Eat­ing Eth­i­cal­ly: Reli­gion and Sci­ence for a Bet­ter Diet

  • From the Publisher
February 1, 2018

Few activ­i­ties are as essen­tial to human flour­ish­ing as eat­ing, and few­er still are as eth­i­cal­ly fraught. Eat­ing well is par­tic­u­lar­ly con­fus­ing. We live amid excess, faced with con­flict­ing rec­om­men­da­tions, con­tra­dic­to­ry sci­en­tif­ic stud­ies, and com­plex moral, med­ical, and envi­ron­men­tal con­se­quences that influ­ence our choic­es. A new eat­ing strat­e­gy is urgent­ly need­ed, one ground­ed in ethics, informed by biol­o­gy, sup­port­ed by phi­los­o­phy and the­ol­o­gy, and, ulti­mate­ly, per­son­al­ly achievable.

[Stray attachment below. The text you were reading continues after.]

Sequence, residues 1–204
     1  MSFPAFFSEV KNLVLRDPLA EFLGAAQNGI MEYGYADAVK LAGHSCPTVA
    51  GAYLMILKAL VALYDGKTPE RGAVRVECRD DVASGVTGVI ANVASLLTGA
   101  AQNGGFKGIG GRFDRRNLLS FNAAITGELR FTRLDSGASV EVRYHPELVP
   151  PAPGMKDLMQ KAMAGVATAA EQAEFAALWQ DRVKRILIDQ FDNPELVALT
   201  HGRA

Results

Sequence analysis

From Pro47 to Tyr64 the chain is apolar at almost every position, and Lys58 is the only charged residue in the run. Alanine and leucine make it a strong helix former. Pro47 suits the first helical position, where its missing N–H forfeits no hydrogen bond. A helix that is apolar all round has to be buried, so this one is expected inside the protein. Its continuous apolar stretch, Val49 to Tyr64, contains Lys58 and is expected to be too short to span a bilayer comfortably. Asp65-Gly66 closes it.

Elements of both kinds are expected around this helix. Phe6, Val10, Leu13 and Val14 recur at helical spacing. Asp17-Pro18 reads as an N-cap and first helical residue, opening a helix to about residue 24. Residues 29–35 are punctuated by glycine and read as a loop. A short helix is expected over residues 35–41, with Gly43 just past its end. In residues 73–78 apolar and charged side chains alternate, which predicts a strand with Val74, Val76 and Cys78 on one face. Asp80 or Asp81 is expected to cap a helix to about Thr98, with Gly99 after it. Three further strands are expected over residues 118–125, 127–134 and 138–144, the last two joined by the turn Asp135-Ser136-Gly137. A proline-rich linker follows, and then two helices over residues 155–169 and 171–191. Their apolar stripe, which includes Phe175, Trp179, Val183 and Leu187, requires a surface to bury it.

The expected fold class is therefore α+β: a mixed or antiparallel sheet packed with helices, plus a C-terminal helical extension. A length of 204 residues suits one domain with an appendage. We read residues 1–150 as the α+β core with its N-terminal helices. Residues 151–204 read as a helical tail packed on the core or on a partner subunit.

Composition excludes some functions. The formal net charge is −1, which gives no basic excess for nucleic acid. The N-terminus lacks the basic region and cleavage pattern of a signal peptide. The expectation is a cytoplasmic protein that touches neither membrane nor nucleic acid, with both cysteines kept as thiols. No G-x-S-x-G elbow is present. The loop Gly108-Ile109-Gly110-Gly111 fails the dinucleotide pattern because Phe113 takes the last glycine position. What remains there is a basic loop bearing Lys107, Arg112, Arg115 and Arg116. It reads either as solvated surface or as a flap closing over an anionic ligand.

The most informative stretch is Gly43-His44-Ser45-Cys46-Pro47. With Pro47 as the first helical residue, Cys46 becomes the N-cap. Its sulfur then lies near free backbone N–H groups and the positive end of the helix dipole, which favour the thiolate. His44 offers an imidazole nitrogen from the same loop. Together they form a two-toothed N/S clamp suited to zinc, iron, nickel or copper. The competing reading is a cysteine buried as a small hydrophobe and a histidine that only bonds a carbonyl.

Eat­ing Eth­i­cal­ly argues per­sua­sive­ly for more adap­tive eat­ing prac­tices. Draw­ing on reli­gion, med­i­cine, phi­los­o­phy, cog­ni­tive sci­ence, art, ethics, and more, Jonathan K. Crane shows how dis­tin­guish­ing among the eater, the eat­en, and the act of eat­ing pro­motes a rad­i­cal reori­en­ta­tion away from exter­nal cues and toward inter­nal ones. This turn is vital for sur­vival, accord­ing to clas­sic phi­los­o­phy on appetite and con­tem­po­rary stud­ies of sati­ety, meta­bol­ic sci­ence as well as meta­physics and reli­gion. By inter­twin­ing ancient wis­dom from Judaism, Chris­tian­i­ty, and Islam with cut­ting-edge research, Crane con­cludes that eth­i­cal eat­ing is a means to achieve both per­son­al health and social cohe­sion. Ground­ed in sci­ence and tra­di­tion, Eat­ing Eth­i­cal­ly shows us what it tru­ly means to eat well.

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